U.S. and North Korean envoys ended talks on Wednesday failing to reach an agreement on when to resume six-nation talks on dismantling Pyongyang's atomic weapons program.

U.S. Assistant Secretary of State Christopher Hill told reporters that after two days of talks with North Korean Vice Foreign Minister Kim Kye Gwan, he planned to leave Beijing on Thursday without a follow-up meeting.

A U.S. Embassy statement said that Hill's delegation "shared ideas that could help ensure progress when the six-party talks resume," without elaborating.

"The DPRK promised to study these ideas," the statement said referring to the Democratic People's Republic of Korea, the North's official name.

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Hill and Kim also met with Chinese Vice Foreign Minister Wu Dawei during the talks Tuesday and Wednesday.

The heads of delegations from the three countries met bilaterally and trilaterally, China's Foreign Ministry said in a two-sentence statement posted on its Web site late Wednesday.

They "frankly and deeply exchanged views on the issue of promoting the process of the six-party talks and improve mutual understanding," it said without elaborating. "The three parties also agreed to strive for the progress of the talks."

Hill, who had been scheduled to fly to Seoul after Beijing, canceled the trip, said Susan Stevenson, spokeswoman for the U.S. Embassy in Beijing. She did not give a reason, but said Hill now planned to leave Thursday for Washington with a possible stopover in Japan.

Meanwhile, a South Korean lawmaker claimed Wednesday that North Korea could conduct an additional nuclear test next month or early next year unless the United States offers economic concessions such as lifting financial restrictions.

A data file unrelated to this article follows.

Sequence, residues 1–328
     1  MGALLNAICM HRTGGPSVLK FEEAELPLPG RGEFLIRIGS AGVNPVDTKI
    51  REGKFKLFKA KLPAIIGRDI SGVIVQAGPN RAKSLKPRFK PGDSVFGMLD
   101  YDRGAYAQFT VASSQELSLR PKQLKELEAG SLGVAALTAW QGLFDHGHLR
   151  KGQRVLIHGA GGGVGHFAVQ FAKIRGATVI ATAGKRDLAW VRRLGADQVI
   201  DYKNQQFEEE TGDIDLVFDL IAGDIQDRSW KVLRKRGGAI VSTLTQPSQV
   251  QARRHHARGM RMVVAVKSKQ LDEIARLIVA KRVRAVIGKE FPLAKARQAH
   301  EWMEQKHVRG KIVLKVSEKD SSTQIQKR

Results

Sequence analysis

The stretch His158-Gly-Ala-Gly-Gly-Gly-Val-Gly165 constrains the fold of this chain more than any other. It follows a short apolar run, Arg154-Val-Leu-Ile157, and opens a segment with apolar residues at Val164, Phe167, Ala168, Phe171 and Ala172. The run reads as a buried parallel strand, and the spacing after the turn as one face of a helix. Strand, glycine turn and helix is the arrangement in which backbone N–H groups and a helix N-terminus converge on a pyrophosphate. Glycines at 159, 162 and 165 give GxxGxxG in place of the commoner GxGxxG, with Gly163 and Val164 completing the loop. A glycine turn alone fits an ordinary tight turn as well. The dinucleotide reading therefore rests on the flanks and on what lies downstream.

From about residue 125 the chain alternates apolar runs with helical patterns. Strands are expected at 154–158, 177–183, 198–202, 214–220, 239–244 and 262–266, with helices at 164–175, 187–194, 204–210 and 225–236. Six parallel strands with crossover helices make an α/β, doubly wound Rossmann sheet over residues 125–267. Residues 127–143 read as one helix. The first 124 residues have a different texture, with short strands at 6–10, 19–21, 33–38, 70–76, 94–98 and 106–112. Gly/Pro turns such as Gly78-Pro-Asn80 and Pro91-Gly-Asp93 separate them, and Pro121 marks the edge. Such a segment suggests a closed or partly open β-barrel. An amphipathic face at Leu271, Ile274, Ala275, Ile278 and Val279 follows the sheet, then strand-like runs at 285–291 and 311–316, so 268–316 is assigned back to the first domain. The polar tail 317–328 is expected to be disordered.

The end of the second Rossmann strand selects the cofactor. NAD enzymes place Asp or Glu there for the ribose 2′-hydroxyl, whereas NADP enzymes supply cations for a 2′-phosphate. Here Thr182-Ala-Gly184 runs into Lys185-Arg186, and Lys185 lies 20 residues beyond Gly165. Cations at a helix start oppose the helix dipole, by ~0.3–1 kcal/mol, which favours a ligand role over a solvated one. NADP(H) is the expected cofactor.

North Korean leader Kim Jong Il, through an internal instruction, said his country should act as a nuclear power and it shouldn't negotiate for the sake of winning economic aid, opposition lawmaker Chung Hyung-keun said at a party meeting, according to his office.

"I believe that there are specific movements in North Korea to prepare for a second nuclear test," Chung said, citing intelligence obtained by state intelligence agencies, according to Chung's office.

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Japan's Kyodo News agency cited unidentified people at the talks as saying that Kim demanded that the U.S. lift financial sanctions and freeze U.N. sanctions that were imposed after the North's first nuclear test on Oct. 9.

Hill responded by saying that the possible lifting of financial sanctions can be discussed during the talks and working level discussions, which are expected to be held simultaneously, Kyodo said.

Similar stances were taken when the three met bilaterally and trilaterally on Tuesday, Japanese and South Korean media have reported.

While in Beijing, Hill also met with South Korea's nuclear envoy, Chun Yung-woo, and Japan's representative Kenichiro Sasae.

Prime Minister Shinzo Abe told reporters in Tokyo on Wednesday evening that Foreign Minister Taro Aso had updated him on the status of preparations aimed at resuming the six-party talks, but declined to offer details.

The prime minister also stressed that resuming the talks was a means toward an end, not an end in and of itself.

"The objective is not to resume six-party talks," Abe said. "Our efforts are aimed at holding six-party talks that produce results."

North Korea agreed in September 2005 to abandon its nuclear program in exchange for security guarantees and aid. But Washington imposed the financial sanctions against a Macau-based bank on suspicions it was laundering counterfeit money for the North Koreans. Angered by the move, Pyongyang withdrew from the talks two months later.

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Officials have yet to set a date for the next round of negotiations. The China-hosted talks involve the United States, North Korea, Japan, South Korea and Russia, which has not sent an envoy to Beijing.

U.S. State Department spokesman Sean McCormack said in Washington that the main goal of the current meetings was to "make sure that everybody, at least, has a good, solid understanding of what might happen" when the six-nation talks resume.

Kim said earlier this week that the timing of the next round of six-nation talks "depends on the United States."

Kim's trip to Beijing — a rare overseas visit — and the presence of other negotiators had lifted expectations that there could be a breakthrough in ongoing efforts to restart the talks.

An unannounced meeting between Hill and Kim last month in Beijing led to Pyongyang agreeing to return to the arms negotiations amid heightened tensions after the Oct. 9 nuclear test.

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